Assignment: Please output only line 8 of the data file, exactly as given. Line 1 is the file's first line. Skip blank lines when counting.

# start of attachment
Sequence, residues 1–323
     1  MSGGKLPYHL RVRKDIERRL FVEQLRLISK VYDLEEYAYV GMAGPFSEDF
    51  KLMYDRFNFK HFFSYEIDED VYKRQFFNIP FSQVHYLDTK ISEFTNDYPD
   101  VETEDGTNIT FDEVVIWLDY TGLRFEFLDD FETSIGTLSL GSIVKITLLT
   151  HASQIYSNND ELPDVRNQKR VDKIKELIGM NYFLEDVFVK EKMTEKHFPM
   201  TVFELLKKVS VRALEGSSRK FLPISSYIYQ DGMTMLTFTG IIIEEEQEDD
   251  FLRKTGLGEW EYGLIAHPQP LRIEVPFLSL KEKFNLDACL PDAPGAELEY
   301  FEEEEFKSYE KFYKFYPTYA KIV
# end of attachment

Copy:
   301  FEEEEFKSYE KFYKFYPTYA KIV